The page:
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Low Fire Friday - Red Iron Oxide Wash

Meagan Chaney Gumpert - Friday, May 03, 2013
I'm often asked how I get the dark, carved lines in a lot of my work. 



This simple recipe is an old stand by! It's just a 50/50 mix by volume of stain/oxide and Frit 3124. (ie 1 spoonful of each ingredient.) 

Red Iron Oxide Wash

1 Tablespoon Red Iron Oxide
1 Tablespoon Frit 3124
Water

How much water? Well, that depends. When I want the carved lines to stay dark, I only add enough water to be able to mix the ingredients and still be able to brush them on. I typically like to apply this wash to bone dry greenware and then bisque fire it to cone 06.

But this wash can also be used to accentuate texture. A thin coat can be applied to the entire surface of a bisqued form and then sponged off. The raised surfaces will be wiped clean, and the wash will remain in the carved or recessed areas. This technique was used over underglazes in the collaborative Arrowmont Official Birthday Mug project I talked about here.



This simple recipe also has endless variations. Red iron oxide isn't the only oxide that can be used. Experiment with chrome oxide for a green wash, cobalt carbonate for a blue, etc. Or, like we used in the Arrowmont Official Birthday Mug, a black mason stain. Yep, this recipe works with mason stains too. 



Or, you could substitute another frit. I've chosen Frit 3124 because it doesn't run too much during a cone 04 glaze fire, and is pretty opaque. Depending on your needs, you could try Frit 3195 if you want a more transparent wash with just a little bit of flow. Check out this cone 04 Frit Melt Test. I made this handy reference years ago, and it has been extremely helpful in determining the differences between frits.



Well, folks, that's it for this segment of Low Fire Friday. Anyone out there using a colored wash they are happy with and willing to share? What other applications are available?


Comments
Mary commented on 03-May-2013 06:24 PM
Thanks for the post. So you carve out the lines and then add that mix by painting into the curved lines you carved out and then bisque fire? I love those forms.

I was just wondering about doing a piece that has already been bisqued. If I wanted that cool effect of the stain with the colours, could I still do it? And would it work if I painted that stain over the whole piece, washed it off and then painted it with colours?

As always, love to read your posts.
Jonni commented on 04-May-2013 12:08 AM
Nice post! Please tell me what those precious round things are used for...
Meagan Chaney Gumpert commented on 04-May-2013 10:13 AM
Hi Ladies,

Thanks for your questions!

Jonni - I call those little round pieces my Mini Sculptures. They were originally inspired by sea urchins, but that have since taken on a life of their own.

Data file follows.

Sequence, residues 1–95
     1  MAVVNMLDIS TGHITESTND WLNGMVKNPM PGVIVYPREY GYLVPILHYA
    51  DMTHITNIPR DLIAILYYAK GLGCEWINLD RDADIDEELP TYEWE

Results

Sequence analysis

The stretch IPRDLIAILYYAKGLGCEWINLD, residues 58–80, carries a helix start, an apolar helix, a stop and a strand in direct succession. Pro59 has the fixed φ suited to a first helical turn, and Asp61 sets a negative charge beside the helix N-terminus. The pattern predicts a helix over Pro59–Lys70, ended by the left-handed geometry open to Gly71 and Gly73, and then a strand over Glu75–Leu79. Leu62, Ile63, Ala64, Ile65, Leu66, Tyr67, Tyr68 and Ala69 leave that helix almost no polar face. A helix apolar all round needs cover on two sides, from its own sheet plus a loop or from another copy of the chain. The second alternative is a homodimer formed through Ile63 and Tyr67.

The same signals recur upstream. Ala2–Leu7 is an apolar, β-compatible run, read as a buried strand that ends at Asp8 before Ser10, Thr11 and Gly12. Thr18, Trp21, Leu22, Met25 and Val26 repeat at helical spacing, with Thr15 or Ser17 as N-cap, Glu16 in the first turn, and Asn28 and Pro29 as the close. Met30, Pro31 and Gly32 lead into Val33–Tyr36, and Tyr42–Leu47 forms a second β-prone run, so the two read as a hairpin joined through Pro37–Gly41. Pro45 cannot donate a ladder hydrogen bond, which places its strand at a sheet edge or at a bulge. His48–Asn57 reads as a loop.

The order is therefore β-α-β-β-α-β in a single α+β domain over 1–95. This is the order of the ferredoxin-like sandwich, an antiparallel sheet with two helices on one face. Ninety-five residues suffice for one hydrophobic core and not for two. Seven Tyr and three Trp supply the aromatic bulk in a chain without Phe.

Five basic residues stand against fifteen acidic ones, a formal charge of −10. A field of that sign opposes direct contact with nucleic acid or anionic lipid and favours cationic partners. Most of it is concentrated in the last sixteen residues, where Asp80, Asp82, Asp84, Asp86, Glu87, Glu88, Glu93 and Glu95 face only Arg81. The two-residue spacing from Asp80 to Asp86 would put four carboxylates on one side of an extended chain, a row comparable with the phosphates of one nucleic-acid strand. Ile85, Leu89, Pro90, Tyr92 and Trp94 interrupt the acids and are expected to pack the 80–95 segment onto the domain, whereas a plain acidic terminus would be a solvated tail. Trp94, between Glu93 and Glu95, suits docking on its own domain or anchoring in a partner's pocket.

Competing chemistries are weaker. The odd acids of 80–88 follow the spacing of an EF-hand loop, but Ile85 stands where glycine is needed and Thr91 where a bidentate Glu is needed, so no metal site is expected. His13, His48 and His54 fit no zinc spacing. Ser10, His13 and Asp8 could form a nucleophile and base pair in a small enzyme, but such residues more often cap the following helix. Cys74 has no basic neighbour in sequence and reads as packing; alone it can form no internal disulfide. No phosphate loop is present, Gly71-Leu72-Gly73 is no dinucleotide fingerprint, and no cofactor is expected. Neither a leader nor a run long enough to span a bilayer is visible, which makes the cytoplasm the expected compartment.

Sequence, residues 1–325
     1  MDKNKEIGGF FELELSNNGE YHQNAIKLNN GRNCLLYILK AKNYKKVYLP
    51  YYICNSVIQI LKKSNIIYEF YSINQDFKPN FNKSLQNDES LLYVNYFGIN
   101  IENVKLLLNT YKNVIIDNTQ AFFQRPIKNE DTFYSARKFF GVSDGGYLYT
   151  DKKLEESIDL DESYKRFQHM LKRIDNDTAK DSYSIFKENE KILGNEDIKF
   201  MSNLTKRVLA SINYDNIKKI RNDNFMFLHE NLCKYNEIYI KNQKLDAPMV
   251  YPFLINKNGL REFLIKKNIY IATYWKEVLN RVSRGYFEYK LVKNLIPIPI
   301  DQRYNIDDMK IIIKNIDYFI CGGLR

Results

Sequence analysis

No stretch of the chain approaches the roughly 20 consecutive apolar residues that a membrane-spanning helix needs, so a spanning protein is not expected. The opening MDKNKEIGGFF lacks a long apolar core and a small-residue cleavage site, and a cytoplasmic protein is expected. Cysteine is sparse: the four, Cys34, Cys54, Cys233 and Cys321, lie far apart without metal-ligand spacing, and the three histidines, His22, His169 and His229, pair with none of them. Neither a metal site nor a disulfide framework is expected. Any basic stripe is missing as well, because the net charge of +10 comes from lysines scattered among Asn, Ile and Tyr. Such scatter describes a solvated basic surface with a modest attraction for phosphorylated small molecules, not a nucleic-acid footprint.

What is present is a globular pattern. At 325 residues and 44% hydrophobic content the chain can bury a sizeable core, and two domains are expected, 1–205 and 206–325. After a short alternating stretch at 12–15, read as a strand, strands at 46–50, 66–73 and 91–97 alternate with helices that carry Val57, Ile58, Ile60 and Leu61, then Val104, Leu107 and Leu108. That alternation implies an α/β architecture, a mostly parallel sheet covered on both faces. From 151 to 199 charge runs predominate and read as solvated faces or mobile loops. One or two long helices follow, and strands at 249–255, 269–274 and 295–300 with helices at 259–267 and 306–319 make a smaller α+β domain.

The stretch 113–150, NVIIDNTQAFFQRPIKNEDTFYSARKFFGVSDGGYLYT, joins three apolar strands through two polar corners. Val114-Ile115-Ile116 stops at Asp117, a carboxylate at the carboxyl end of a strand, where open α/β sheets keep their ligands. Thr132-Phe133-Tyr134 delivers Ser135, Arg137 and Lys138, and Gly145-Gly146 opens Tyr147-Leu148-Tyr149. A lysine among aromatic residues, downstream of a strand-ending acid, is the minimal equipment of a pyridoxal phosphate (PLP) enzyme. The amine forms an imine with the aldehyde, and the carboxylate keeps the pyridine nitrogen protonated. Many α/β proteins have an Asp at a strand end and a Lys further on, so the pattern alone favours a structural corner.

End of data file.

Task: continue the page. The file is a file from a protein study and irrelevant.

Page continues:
They are slab-built and hollow. Also there is a hole cut in the back so that they can hang on the wall if you want. They are generally sold/installed in groups of 3 or more. Sometimes as many as 100!

Currently, I am only make them for wholesale orders. The ones pictured above will be shipped to a gallery in Wisconsin when they are done. Occasionally, if there are a few remaining after filling an order, I will post these on etsy. Keep an eye out!

Mary - Yes! I carve out the lines and then brush on the red iron oxide mix by painting into the curved lines and then bisque fire.

You can apply the oxide wash to the carved areas after bisque. It will work fine, but is a bit messy. I've found that if I wait to do it on the bisque form, and then continue to brush on the colored glazes into the sections, I end up with red iron oxide all over my hands! (The exception to this is if I'm wanting to sponge off most of the oxide wash anyway, just to accentuate texture.)

It would "work" if you painted that stain over the whole piece, washed it off and then painted it with colors. You would probably get a different look though. More weathered maybe. Or the oxide wash would settle into recessed areas and just accentuate texture. Give it a try. I'd love to hear and see how it came out!

Hope that helps Ladies! If you have any other questions, please just let me know!

Cheers!
Meagan
Mary commented on 03-Aug-2013 12:37 PM
Hi Meagan,
I've created some pieces and I'm going to be bisque firing them this weekend. I'm just wondering if you can stack pieces that you have put your wash on? I've created "grooves" into the pieces and then painted the red iron oxide wash into the grooves. But they are flat tiles and I want to stack at least two (as I don't have enough kiln shelves!). They won't stick at all, will they? I don't think that frit is glossy, but I'm not entirely sure. I"ll send you pictures when I fire them!
Ellen Zook Osborn commented on 09-Dec-2013 04:56 PM
Hi, Megan -- I have the same question that Mary has...about stacking pieces. I use a small kraft kiln for earthenware nativity figures. I just did an art project today with school kids -- flat tiles from terracotta clay that they stamped with texture. I was thinking it would be nice to try a red iron oxide wash, but wasn't sure about stacking them...

Ellen
Meagan Chaney Gumpert commented on 16-Dec-2013 01:23 PM
Hi Ellen,

You shouldn't have a problem stacking the pieces with the red iron oxide wash if you using it sparingly or wipe it away to highlight texture. I'd be careful if you apply it thick on a surface (as opposed to in a groove) because the frit could still flux out and stick some.

Hope that helps. And I'd love a picture of the kids' tiles when you're finished.

Best,
Meagan

PS - Sorry for the delayed reply. Mary emailed me as well and I answered her questions, but forgot to post a response here.
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